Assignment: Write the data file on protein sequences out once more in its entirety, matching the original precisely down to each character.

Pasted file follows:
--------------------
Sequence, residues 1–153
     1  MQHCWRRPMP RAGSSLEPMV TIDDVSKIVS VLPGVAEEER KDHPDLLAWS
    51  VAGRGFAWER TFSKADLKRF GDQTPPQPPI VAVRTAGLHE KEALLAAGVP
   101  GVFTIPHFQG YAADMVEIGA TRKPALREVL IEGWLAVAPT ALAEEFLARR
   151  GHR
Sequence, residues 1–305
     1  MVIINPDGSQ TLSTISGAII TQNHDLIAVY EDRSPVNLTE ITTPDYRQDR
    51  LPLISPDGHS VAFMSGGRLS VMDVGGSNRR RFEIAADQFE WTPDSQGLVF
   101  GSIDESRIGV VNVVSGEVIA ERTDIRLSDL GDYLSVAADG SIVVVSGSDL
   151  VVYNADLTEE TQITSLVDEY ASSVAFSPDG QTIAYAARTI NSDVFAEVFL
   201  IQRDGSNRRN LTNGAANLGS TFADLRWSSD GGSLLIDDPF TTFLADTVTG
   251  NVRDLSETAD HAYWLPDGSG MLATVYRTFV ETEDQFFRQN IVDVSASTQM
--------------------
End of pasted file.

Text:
Sequence, residues 1–153
     1  MQHCWRRPMP RAGSSLEPMV TIDDVSKIVS VLPGVAEEER KDHPDLLAWS
    51  VAGRGFAWER TFSKADLKRF GDQTPPQPPI VAVRTAGLHE KEALLAAGVP
   101  GVFTIPHFQG YAADMVEIGA TRKPALREVL IEGWLAVAPT ALAEEFLARR
   151  GHR
Sequence, residues 1–305
     1  MVIINPDGSQ TLSTISGAII TQNHDLIAVY EDRSPVNLTE ITTPDYRQDR
    51  LPLISPDGHS VAFMSGGRLS VMDVGGSNRR RFEIAADQFE WTPDSQGLVF
   101  GSIDESRIGV VNVVSGEVIA ERTDIRLSDL GDYLSVAADG SIVVVSGSDL
   151  VVYNADLTEE TQITSLVDEY ASSVAFSPDG QTIAYAARTI NSDVFAEVFL
   201  IQRDGSNRRN LTNGAANLGS TFADLRWSSD GGSLLIDDPF TTFLADTVTG
   251  NVRDLSETAD HAYWLPDGSG MLATVYRTFV ETEDQFFRQN IVDVSASTQM